Friday, August 11, 2006

The necessary postmortem

Having had a few days to reflect a little on our camp, there are a few things worth noting/reporting.

1. Four children made a first profession of trust in Christ. This was obviously tremendous but there was a sobering note to the celebrations; one of the children in particular is a compulsive liar, frequently churning out the porkies in order to curry favour with all and sundry. Over the course of the week he told various people that he was adopted, that his parents didn't love him, that his Dad has cancer, that he's lived in five different homes - all not true, all designed to get sympathy or admiration. Some of us on the camp were concerned that he had merely figured out another way of gaining attention - say you've become a Christian. Some had similar concerns about one of the other children who professed faith.

2. This in turn (and other events during the week) underlined the inadequacy of a 'you've-prayed-the-prayer-you-must-be-a-christian' way of thinking, which at times is all too prevalent in evangelical circles. Ongoing exposure to the challenge of the gospel and serious discipleship that is not glib about eternal security is the way forward. We must not be presumptious by sitting back and saying 'job done' once someone makes a profession. The doctrine of the perseverance of the saints is a great help in this. Sadly, many on our camp come from backgrounds where this kind of teaching gets little airtime.

3. I also noted (again) the tension in camp-ministry (no jokes if you read this Big Pete!) between opportunity and frustration, both born of the once-a-year nature of the ministry. Because it's a one-off the children are often far more ready to engage in conversation and say what they really think. Because it's once a year there's an intensity and a seriousness about the leaders that results in bold prayer and direct speech. But because it's a once a year thing, at the end of a great week you have to hand the children back to their often-messy home and church situations. Camps can feel like an exercise in powerlessness.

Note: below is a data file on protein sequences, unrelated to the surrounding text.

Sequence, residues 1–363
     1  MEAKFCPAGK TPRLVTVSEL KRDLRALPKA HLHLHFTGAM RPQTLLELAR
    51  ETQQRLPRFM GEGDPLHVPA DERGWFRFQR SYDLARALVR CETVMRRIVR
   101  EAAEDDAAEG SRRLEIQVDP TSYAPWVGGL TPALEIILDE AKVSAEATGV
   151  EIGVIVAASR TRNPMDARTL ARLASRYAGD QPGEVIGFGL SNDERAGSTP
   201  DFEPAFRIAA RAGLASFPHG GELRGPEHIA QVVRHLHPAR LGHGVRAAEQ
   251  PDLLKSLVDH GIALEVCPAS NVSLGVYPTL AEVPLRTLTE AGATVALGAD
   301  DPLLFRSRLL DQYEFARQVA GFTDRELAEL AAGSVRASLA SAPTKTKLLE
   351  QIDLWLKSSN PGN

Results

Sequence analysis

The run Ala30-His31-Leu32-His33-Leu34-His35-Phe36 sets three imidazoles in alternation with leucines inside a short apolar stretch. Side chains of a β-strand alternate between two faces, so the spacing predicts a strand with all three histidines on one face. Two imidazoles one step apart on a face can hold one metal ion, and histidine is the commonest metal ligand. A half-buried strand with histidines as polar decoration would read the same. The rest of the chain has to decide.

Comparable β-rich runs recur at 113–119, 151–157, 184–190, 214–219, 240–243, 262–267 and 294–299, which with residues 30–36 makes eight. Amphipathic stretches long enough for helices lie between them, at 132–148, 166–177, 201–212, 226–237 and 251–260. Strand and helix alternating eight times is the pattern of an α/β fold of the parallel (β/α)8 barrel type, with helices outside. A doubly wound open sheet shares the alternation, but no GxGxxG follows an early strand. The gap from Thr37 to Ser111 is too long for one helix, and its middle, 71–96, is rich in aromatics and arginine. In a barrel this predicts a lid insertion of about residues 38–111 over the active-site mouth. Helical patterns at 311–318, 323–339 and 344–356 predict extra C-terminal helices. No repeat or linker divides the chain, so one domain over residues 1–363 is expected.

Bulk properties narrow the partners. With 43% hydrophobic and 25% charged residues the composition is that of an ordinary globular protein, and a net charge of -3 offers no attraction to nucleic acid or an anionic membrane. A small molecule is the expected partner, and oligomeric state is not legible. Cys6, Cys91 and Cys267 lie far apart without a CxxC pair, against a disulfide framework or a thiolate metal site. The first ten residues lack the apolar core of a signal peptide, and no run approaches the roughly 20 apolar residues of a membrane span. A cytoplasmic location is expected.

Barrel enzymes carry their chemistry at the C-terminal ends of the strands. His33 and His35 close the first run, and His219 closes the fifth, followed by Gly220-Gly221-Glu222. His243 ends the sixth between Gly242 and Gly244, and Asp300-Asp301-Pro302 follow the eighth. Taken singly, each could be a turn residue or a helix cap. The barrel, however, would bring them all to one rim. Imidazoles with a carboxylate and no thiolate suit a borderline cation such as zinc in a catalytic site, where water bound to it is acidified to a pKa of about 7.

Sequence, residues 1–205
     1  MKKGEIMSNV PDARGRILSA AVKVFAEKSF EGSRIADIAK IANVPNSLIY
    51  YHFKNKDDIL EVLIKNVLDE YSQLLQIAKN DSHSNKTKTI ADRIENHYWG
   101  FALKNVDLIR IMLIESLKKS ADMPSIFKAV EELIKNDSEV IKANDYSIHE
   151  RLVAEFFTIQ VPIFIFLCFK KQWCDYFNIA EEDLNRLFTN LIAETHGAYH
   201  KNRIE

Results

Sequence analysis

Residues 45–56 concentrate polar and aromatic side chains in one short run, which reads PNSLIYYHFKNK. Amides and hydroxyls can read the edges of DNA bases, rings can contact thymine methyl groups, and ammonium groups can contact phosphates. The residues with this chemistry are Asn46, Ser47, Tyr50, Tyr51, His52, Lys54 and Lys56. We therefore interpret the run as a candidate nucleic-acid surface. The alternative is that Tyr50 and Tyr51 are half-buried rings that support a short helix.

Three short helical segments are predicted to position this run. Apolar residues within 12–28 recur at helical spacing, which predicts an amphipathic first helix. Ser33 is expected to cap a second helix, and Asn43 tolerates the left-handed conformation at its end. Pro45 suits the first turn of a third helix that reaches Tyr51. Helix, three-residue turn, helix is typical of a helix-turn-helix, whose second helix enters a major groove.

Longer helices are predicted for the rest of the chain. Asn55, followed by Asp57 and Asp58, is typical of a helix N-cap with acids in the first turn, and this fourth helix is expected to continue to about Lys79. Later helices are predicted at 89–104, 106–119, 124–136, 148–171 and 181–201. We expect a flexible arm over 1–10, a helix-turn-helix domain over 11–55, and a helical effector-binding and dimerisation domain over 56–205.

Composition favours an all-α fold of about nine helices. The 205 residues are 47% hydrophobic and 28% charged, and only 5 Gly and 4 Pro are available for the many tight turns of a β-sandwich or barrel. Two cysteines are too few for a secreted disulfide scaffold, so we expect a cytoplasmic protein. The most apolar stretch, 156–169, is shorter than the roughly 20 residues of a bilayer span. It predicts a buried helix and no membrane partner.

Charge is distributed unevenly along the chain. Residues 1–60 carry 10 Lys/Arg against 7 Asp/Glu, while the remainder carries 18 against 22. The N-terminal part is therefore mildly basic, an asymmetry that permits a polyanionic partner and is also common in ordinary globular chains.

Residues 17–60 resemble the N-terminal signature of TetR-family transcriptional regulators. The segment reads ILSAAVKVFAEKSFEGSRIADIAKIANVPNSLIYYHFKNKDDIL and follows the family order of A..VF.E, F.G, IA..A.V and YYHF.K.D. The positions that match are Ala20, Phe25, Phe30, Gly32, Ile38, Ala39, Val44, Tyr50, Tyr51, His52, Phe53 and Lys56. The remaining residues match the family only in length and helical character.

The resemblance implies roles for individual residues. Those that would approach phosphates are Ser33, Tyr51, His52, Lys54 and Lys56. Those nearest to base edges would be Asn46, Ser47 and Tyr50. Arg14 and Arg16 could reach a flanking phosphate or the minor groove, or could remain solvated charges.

4. Finally, being on camp exposed my sin (which reared it's ugly head when tiredness gave it opportunity) and general weakness. Why didn't I pray more for the camp during the year? Why didn't I pray harder during the week? Why did I let my bible reading lapse? Why did I think unkind things about other leaders? Why were there times when I grew impatient with the children? The answer is sin, my sin.

Of course, all of the above should serve to drive me to the sovereign mercy of our gracious God. He glorified his name and brought lost people to himself, in, through and despite everything I've just said. This was most clearly illustrated when Claire stumbled across two girls in the dormitory. Since we encourage the children to be outside even during free time (because it reduces the liklihood of theft going on) Claire was about to turf them out, until one of them said 'but we want to read our bibles' (which is exactly what they were doing) and announced that she was part way through reading the Johannine epistles whilst the other had already finished Jude and that together they were reading through Revelation just before lights out. These were the other two who professed faith during the week.


Big Pete said...

Probably fair to single me out for picking on 'camp' jokes!

I agree with your comments on camp and the weakness of not seeing the young people year round. The once a year top up, or once a year looking like a Chrsitian. Just been reading a biography of Edwards and his writings about visible signs of regeneration (indeed the puritans more generally) seem to be missing from so much of what we hear in churches.

I was also struck by my last minuteness for camp and lack of prayer year round. If I really loved the kids and wanted to see them grow I should prioritise this far more.

As an encouragement thought 4 kids have made a profession, make sure there are leaders following it up and helping them to show signs of regeneration.

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